Obviously as a formerly stray mutt, Shiva wasn’t bred with any sort of ideal in mind. No doubt she was from an “oops” litter and either abandoned or allowed to roam at will in an infamous part of town. Not the best of beginnings for any dog. Regardless, I have always taken a bit of pride in her athletic prowess. It doesn’t have anything to do with me as a breeder or even as a trainer, but it’s hard not to beam when I see all she is able to accomplish physically. Especially as I have no athletic abilities of my own. I’ve always had this idea that Shiva is structurally sublime.
Does my incredibly biased opinion hold up to scrutiny? That is the question.
One of the first things outlined in the Ruffly Speaking article was topline. Essentially, a dog’s back should be either straight or convex. Level or curved upwards is considered sound. A back that curves downwards… Notsomuch.
It wasn’t easy to get a good picture of Shiva standing still and straight. I ended up having to put a carrot – literally – in front of her nose in order to get her to hold still for a photograph. It turns out, she is not a natural stacker. So much for her big show career. This is the best I could get out of her.
I don’t know if it is possible to tell, but her topline does go slightly down before her shoulders. This is not looking good for the Sheevs.
The first thing the article instructed, was to draw a line from the elbow to the top of the shoulder. And then another straight across the back. If the dog is sound, the entire head and most of the neck will be above and in front of the lines. This means the shoulder is laid back correctly and the heaviest part of the dog is behind the neck instead of under it.
Hmm… Shiva’s head is above this line but only barely. If she wasn’t looking up, it would almost be on the same level as her back. Another strike against her.
In the second picture, I drew a line through the middle of her front paw. This is supposed to be the line of weight that bears on the heaviest part of her body. According to the blog post, with a sound dog that line should go through the front part of her body and not her neck.
This is looking less dismal. The line goes through Shiva’s shoulder more than her neck. One point? Or is this just wishful thinking?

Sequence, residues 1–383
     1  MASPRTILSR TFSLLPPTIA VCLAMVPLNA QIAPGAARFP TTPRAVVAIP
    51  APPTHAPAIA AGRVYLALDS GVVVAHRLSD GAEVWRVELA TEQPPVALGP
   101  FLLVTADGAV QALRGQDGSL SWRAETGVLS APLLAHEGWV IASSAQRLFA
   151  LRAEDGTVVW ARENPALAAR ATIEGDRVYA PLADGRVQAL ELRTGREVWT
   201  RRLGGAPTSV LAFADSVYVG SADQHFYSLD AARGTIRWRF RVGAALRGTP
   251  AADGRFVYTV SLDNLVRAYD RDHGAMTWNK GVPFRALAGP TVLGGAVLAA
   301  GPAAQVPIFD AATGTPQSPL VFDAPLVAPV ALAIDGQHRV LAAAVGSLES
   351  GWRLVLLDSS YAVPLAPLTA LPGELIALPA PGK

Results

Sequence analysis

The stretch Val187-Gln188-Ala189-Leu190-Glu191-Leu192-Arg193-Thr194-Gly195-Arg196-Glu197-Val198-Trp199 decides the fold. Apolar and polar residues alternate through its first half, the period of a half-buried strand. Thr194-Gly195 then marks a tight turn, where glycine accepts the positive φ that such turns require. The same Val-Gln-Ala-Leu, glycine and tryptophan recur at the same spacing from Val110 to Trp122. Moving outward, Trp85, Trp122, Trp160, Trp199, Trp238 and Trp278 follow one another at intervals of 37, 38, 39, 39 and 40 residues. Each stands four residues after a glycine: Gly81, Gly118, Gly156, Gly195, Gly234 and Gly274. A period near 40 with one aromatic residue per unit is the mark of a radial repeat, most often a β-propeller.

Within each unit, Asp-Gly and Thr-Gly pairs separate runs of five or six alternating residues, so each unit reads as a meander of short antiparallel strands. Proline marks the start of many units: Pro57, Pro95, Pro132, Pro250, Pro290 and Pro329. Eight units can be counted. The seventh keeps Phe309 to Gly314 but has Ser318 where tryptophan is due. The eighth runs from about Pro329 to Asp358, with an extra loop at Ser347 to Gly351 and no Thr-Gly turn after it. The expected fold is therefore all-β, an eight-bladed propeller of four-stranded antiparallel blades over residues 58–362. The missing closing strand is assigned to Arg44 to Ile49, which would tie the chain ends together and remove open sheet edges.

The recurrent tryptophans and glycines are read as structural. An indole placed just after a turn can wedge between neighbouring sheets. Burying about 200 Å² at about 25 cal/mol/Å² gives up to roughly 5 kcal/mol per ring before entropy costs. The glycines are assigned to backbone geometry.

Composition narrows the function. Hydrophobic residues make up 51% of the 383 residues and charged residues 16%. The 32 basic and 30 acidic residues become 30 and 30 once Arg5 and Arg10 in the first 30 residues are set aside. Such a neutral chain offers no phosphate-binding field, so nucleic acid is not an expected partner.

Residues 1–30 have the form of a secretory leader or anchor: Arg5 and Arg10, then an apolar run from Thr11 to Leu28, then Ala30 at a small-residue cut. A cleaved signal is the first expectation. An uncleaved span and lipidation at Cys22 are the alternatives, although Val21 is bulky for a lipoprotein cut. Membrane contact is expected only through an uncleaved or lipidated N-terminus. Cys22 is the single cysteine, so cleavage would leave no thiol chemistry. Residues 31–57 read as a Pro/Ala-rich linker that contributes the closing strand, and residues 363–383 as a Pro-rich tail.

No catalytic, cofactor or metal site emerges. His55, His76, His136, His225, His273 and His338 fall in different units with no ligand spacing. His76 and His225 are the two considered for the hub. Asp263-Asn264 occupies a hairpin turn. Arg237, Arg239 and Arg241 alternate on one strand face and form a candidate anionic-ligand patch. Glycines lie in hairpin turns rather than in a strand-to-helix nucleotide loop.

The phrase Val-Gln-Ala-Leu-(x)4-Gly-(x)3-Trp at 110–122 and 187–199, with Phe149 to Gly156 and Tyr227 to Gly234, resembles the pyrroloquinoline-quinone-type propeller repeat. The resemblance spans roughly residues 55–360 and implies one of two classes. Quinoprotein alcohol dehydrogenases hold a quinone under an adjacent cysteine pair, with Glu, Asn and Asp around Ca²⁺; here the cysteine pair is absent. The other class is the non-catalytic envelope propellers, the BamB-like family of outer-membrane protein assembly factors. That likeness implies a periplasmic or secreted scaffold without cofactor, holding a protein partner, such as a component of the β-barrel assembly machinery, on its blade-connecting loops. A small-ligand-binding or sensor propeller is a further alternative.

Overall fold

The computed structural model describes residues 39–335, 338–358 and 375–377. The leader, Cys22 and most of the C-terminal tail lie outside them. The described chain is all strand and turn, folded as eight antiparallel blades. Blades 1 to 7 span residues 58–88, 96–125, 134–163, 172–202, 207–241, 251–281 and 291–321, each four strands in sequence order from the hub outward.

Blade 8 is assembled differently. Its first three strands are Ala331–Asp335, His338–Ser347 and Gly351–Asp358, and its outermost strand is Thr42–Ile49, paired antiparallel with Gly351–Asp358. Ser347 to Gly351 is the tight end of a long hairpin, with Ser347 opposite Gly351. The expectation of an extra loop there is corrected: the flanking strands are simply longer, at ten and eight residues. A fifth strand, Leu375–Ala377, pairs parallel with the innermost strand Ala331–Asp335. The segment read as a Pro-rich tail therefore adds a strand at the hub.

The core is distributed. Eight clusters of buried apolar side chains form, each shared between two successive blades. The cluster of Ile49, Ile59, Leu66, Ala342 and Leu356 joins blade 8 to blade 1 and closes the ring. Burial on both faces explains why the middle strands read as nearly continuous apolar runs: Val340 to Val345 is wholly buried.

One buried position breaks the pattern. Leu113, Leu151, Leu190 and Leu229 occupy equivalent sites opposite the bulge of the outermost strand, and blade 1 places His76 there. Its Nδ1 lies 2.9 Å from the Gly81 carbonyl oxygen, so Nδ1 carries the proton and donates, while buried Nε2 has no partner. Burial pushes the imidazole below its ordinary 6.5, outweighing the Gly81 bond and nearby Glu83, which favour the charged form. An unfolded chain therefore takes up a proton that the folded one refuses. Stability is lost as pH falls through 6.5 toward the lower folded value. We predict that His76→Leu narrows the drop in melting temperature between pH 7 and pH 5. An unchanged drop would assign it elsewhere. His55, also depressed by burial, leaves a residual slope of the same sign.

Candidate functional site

The next line is drawn at the end of Shiva’s ribs. You want to make sure the dog can breathe properly for her active lifestyle. The ribs should end more than half-way down the body. Surprisingly, I couldn’t easily detect Shiva’s ribs from the photograph. To make sure I drew the line right, I had to feel for them with my hands.
Has the scrawny spotted one actually put on weight?
This photo looks pretty good to me. It’s kind of funny how her thigh muscles are just as big as her chest. I don’t know if that has anything to do with her soundness or not.
This last one was the hardest to draw. I am still not sure I got the placement right. To show balance, the angle formed by the shoulder joining the upper arm ideally should be similar to the angle formed by the femur joining the knee. They don’t need to be identical in inclination, more in the size of the angle itself.
Once again, I am not so sure things are looking good for the poor puppy. Her rear angle looks much wider than her front. If I drew it correctly, it is definitely more than ninety degrees, which I learned is problematic.
Despite all her abilities, it looks like Shiva’s structure is off. I have always been a bit worried about her stance, to tell the truth. I fear we may have either hip or ACL issues in our future. She seems to naturally stand with her left rear leg out, as in the picture below. When she sits, she often leans on one hip, extending that leg. While she doesn’t seem to be in pain and it certainly doesn’t affect her activity level, it might be a sign of future problems.
Ah well, I can’t let it bother me too much. She is who she is; structurally sound, or a canine disaster, we’ll keep on having fun. Still, it was an interesting exercise and I am glad I know a little bit more now about how an ideal dog should be built. Perhaps in the future, when selecting my next nutty rescue, I will be armed with a bit more information. Especially if I intend to practice agility again.
Knowing myself, I’ll just end up being suckered in by a cute face and a wild personality. Those seem to be my weaknesses lately.